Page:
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International Non-Profit Credit Rating Agency for Sovereign Risk


International Non-Profit Credit Rating Agency for Sovereign RiskThe financial crisis in 2008 served as a catalyst to bring the shortcomings of the financial sector to the attention of the broader public. One of the key institutions put under the microscope regarding their operations and results are credit rating agencies (CRAs). CRAs are service providers that specialize in the provision of credit ratings on a professional basis. Their “job description” is to inform investors about the likelihood that they will receive all principal and interest payments as scheduled for a given security.

Last year marked the first time that the ratings of the US and some European countries have been downgraded. In light of these downgrades and their critical timing, the acceptance, transparency and legitimacy of sovereign ratings have been put into question. Many actors, from governments to corporate players to civil society organizations, are calling for a reform of the sector. CRAs can play a major role in predicting and preventing financial crises; therefore it is important to discuss how to make the sector most effective. The CRAs of the future need to reflect the changing needs and demands of investors and pay tribute to established patterns and new developments in the sector. They also must take into account the needs of the emerging market and developing countries.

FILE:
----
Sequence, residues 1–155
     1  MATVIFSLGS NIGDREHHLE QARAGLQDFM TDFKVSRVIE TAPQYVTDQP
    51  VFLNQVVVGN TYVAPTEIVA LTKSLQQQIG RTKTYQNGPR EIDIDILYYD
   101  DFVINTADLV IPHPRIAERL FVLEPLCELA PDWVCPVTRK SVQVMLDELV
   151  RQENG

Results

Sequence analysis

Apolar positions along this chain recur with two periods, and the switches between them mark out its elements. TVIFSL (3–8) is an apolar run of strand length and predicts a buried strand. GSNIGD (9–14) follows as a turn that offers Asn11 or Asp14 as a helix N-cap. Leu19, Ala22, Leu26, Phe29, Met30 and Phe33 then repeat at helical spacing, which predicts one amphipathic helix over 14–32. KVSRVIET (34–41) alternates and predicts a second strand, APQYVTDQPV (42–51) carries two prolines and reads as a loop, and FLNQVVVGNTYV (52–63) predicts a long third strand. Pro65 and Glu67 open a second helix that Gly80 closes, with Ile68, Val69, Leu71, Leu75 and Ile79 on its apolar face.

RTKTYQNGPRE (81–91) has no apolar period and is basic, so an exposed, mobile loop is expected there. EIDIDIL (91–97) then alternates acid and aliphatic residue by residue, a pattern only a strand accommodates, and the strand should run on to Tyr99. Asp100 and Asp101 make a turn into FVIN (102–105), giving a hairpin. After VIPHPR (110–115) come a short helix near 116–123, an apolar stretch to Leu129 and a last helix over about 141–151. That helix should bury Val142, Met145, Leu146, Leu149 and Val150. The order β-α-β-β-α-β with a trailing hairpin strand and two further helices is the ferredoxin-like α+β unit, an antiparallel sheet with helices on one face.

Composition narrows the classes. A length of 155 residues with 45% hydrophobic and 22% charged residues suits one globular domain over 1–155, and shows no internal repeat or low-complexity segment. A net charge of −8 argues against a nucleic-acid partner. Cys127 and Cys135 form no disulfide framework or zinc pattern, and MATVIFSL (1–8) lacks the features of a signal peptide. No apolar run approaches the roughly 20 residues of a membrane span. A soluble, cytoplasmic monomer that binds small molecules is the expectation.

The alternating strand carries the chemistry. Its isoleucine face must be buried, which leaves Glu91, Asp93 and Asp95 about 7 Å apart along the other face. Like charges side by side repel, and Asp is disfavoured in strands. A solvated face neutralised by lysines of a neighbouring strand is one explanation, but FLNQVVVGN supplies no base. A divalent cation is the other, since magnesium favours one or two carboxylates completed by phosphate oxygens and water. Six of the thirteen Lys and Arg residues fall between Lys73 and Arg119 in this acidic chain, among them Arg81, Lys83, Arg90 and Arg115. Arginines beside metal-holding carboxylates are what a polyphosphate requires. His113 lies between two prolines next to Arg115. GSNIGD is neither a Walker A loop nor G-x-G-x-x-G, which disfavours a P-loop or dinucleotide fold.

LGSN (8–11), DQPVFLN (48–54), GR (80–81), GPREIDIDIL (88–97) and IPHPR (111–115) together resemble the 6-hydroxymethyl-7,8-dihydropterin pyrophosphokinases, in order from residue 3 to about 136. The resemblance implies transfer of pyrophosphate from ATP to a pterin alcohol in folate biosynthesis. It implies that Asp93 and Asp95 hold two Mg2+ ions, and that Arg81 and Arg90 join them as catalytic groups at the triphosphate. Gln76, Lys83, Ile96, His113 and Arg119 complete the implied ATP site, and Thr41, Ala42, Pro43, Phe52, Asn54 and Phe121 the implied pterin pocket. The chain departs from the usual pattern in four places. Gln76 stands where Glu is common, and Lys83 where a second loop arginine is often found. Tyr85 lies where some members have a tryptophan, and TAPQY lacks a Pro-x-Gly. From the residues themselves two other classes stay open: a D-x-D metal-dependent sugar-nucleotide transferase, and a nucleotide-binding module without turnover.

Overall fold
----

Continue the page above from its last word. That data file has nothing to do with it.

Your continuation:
The Bertelsmann Foundation recently published a proposal for an alternative to existing credit rating agencies: an international non-profit CRA called INCRA. The proposal provides a new legal framework that is based on an endowment solution to guarantee sustainability and security for its long-term existence. This CRA would conduct its unsolicited sovereign-risk assessments on a set of macroeconomic and forward-looking indicators that would provide the basis for high-quality analysis. This proposal is one solution to a highly-complex set of problems facing the credit rating agency sector today.

How can the international community work to reform the credit rating sector? Should sovereign risk analysis be separated from corporate risk analysis? How can conflicts of interest be minimized? How can transparency and quality of ratings be ensured? What type of CRA will best pay tribute to the changing needs and demands of society?

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